Few athletes have ever suffered a setback quite as monumental as Jose Aldo. Everything about his loss at UFC 194 was spectacular; the knockout, the duration, the opponent, the stage, all contributed to what can only be called a disastrous showing. Rarely do we see fighters return to form after losses like these, but Aldo did just that at UFC 200 when he handily defeated former Champion Frankie Edgar. Now though, he faces his toughest test since the Notorious One: Interim Featherweight Champion Max Holloway at UFC 212.
Jose Aldo is known as two distinct fighters in the minds of fans. Casual viewers only know of Aldo as the man who got knocked out by Conor McGregor. He is a bum, a loser, and for all intents and purposes, irrelevant. Hardcore fans however acknowledge Aldo’s bitter loss, while still recognizing his achievements and continued pedigree as an elite fighter.
UFC 212 is not the type of card that attracts casual attention. For that reason the narrative going into this matchup will not be bombarded by ignorance and trolling (at least no more than any other event).
For fans in the know, Aldo’s performance against Edgar was a testament to his status and continued relevancy at Featherweight. To many, his win at UFC 200 proved that his loss to McGregor was a one off. After all, Aldo was able to return from a devastating knockout loss to beat a former Champion who to this day continues to occupy elite status.
Although there are many positive lessons to glean from his UFC 200 win, it seems prudent to take them with a grain of salt. There are certain instances in combat sports in which an athlete simply has another athletes number. When these combatants meet again and again, one comes out on top. That is not to diminish Aldo’s performance nor is it to say he was gifted an easy fight. What should be pondered however is how the 2nd Edgar fight relates to his bout against Holloway.
Aldo was able to rebound from his loss at UFC 194 in part because he faced a familiar opponent. Holloway, not unlike McGregor, is an enigma. For that reason, one has to decide roughly between these two narratives: Is Aldo as good as he has ever been (proven by his win over Edgar)? Or was he bound to win that fight and we therefore don’t really know if he is the same fighter he once was?
Max Holloway doesn’t concern himself with such questions. The longtime Featherweight prospect is riding a 10-fight win streak. The Hawaiian attributes his win streak not only to his physical gifts, training, and skill but his mental fortitude. He envisions each fight as existing independently of any others. Every time he steps into the octagon his record is 0-0. This thought process mitigates the pressure an athlete puts upon himself. They no longer have to worry about extending a win streak or about all the consequences of a win or a loss. Each fight is a new experience though it takes place in a familiar setting.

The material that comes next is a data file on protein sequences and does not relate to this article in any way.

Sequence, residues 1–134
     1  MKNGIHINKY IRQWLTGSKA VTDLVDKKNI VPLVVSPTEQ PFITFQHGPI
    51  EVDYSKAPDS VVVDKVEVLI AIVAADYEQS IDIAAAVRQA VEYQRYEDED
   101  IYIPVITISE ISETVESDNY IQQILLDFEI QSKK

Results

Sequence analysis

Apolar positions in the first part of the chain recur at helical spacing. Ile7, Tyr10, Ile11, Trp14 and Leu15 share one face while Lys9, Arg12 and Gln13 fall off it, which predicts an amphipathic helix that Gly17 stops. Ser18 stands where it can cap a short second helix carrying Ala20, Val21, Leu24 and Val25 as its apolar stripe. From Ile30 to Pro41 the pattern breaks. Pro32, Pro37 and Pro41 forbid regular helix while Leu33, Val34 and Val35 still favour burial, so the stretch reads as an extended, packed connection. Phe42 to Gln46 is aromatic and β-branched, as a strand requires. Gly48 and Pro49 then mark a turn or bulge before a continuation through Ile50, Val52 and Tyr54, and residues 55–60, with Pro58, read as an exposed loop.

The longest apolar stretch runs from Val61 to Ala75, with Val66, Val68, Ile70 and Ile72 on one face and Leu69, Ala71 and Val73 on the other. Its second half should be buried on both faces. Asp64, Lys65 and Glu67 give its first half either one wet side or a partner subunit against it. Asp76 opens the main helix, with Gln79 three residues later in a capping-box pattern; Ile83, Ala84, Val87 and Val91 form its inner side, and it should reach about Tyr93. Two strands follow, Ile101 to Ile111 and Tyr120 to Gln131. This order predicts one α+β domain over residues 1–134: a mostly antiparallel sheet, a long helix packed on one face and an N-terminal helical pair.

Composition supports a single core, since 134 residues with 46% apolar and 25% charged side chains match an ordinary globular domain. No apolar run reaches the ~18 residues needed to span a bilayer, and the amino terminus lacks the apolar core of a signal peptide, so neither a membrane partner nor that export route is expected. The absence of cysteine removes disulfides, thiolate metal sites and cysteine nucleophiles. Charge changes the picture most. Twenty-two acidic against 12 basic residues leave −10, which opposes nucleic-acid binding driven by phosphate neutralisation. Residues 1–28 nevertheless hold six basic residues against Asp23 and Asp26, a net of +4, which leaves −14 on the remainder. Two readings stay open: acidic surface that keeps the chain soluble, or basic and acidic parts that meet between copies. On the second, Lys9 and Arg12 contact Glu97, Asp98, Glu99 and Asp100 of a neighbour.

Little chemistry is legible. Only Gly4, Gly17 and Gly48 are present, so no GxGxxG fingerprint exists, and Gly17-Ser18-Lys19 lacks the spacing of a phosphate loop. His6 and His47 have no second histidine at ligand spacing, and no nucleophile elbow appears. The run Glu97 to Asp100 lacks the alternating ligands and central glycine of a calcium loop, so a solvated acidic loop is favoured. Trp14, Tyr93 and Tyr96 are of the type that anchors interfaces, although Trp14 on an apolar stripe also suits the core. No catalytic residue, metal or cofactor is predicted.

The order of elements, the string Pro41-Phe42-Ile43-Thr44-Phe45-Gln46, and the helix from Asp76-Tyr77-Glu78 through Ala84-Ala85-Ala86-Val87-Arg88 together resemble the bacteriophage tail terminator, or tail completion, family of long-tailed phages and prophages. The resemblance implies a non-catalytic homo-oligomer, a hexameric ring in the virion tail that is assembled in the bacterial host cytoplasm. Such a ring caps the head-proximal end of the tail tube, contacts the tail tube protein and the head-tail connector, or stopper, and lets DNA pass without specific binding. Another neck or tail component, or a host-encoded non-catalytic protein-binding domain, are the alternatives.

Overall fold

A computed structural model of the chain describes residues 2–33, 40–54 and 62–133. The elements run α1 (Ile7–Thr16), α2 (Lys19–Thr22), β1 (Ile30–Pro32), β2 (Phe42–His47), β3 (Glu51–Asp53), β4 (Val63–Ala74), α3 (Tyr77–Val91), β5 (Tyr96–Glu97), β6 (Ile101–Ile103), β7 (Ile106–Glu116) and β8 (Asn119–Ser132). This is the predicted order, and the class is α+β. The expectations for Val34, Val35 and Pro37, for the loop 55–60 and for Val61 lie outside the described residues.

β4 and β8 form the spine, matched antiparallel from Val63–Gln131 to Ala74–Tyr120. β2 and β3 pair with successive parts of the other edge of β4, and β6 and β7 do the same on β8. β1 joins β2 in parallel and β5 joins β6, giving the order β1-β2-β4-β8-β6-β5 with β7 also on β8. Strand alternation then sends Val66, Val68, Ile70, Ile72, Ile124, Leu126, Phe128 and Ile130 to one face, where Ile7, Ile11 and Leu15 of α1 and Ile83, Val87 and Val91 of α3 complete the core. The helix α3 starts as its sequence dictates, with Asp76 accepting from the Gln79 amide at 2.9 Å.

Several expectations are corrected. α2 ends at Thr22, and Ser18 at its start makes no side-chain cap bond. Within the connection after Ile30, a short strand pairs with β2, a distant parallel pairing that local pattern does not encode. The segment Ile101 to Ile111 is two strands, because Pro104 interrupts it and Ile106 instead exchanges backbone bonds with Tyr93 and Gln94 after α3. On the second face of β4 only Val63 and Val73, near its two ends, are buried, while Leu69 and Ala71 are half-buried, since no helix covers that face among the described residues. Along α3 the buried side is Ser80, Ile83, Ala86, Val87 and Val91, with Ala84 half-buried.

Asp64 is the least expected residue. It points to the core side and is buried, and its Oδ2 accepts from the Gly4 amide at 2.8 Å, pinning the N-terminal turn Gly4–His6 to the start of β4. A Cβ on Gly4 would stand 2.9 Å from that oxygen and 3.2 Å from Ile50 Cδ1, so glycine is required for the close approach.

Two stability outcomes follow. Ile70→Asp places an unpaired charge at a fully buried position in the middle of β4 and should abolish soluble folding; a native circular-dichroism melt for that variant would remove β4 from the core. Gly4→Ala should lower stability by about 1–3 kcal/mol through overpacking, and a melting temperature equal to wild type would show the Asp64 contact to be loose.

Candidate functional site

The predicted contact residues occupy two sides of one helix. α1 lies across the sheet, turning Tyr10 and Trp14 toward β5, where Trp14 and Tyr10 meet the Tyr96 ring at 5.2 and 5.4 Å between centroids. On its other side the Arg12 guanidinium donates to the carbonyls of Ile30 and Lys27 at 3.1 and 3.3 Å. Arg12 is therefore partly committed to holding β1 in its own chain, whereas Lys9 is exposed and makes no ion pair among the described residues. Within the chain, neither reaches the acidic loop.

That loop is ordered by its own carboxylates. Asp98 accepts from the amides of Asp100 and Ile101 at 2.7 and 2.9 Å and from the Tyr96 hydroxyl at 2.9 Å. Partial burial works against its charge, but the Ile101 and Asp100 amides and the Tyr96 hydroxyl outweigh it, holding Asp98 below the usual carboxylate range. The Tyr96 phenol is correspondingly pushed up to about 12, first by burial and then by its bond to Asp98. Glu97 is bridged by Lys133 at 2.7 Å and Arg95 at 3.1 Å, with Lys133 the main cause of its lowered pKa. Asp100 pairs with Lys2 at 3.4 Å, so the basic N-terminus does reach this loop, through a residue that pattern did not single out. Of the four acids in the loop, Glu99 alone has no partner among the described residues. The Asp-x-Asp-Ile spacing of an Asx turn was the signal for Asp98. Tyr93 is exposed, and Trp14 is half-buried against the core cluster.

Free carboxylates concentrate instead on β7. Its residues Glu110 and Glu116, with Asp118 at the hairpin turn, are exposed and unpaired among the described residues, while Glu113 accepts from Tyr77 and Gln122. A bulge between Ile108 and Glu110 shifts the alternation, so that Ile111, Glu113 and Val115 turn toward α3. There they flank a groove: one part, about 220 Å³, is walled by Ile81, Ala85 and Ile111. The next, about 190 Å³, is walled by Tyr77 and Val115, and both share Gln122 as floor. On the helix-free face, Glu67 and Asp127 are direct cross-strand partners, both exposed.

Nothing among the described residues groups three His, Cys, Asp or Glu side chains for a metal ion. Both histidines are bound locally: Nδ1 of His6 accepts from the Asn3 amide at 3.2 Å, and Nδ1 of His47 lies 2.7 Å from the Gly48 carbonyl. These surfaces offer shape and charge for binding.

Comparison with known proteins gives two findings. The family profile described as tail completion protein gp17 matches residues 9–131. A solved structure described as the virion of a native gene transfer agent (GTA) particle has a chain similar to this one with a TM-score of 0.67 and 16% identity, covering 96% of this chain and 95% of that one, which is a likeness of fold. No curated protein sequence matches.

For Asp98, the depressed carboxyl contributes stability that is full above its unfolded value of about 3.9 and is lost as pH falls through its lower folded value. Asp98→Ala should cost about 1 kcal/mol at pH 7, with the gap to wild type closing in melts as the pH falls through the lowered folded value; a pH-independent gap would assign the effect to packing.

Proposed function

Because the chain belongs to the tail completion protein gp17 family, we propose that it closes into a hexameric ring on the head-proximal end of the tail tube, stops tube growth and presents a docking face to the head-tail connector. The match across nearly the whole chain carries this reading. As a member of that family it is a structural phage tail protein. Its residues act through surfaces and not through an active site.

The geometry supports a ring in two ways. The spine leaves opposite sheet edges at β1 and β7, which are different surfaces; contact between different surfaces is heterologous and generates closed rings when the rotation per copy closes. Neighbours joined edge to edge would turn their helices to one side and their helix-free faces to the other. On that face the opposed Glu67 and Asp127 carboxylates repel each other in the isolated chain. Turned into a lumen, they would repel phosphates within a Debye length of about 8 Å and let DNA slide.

Holloway will be fighting in front of a Brazilian crowd in a hostile atmosphere that could shake the likes of anyone. But his mindset allows him to simply fight in the octagon (his friends could be there, his family, there could be people screaming and crying but the inside of the cage will always be the same) something he has done successfully for over 5 years.
Aldo too is no stranger to mental fortitude. A fighter who is plagued by fears and mental weakness does not easily accomplish success at the elite level, let alone a nearly 10-year unbeaten streak as Champion in the UFC and WEC. The Nova Uniao fighter has displayed a pedigree of mental fortitude that only a select few have ever matched. It is up to the individual to decide whether his loss at UFC 194 was simply a momentary lapse/ a fluke or indicative of a breaking point.
The undisputed Featherweight Champion will once again find himself facing an exceptional southpaw under the bright lights of the Octagon. He was able to return to the scene of the crime at UFC 200 and emerge unscathed but now he travels home to meet an entirely different challenge.
In a literal sense the most apt analysis of this matchup would be a study contrasting the Muay-Thai and takedown defense of Aldo with the unorthodox striking and groundwork of Holloway. We could make endless comparisons between common opponents and speculate at length regarding how one could shut down the game of another. On the face of things this is the most prudent way of understanding a fight.
However, when a competitor gives into his doubts their skill level and ability becomes largely irrelevant. They may have resigned themselves to loss before ever stepping into the cage. Aldo and Holloway have shown themselves to be among the most consistent and mentally strong fighters in the UFC. Only recently has Aldo shown a chink in that armor and on June 3rd, 2017 we would be wise to focus on a part of the game so many forget to acknowledge.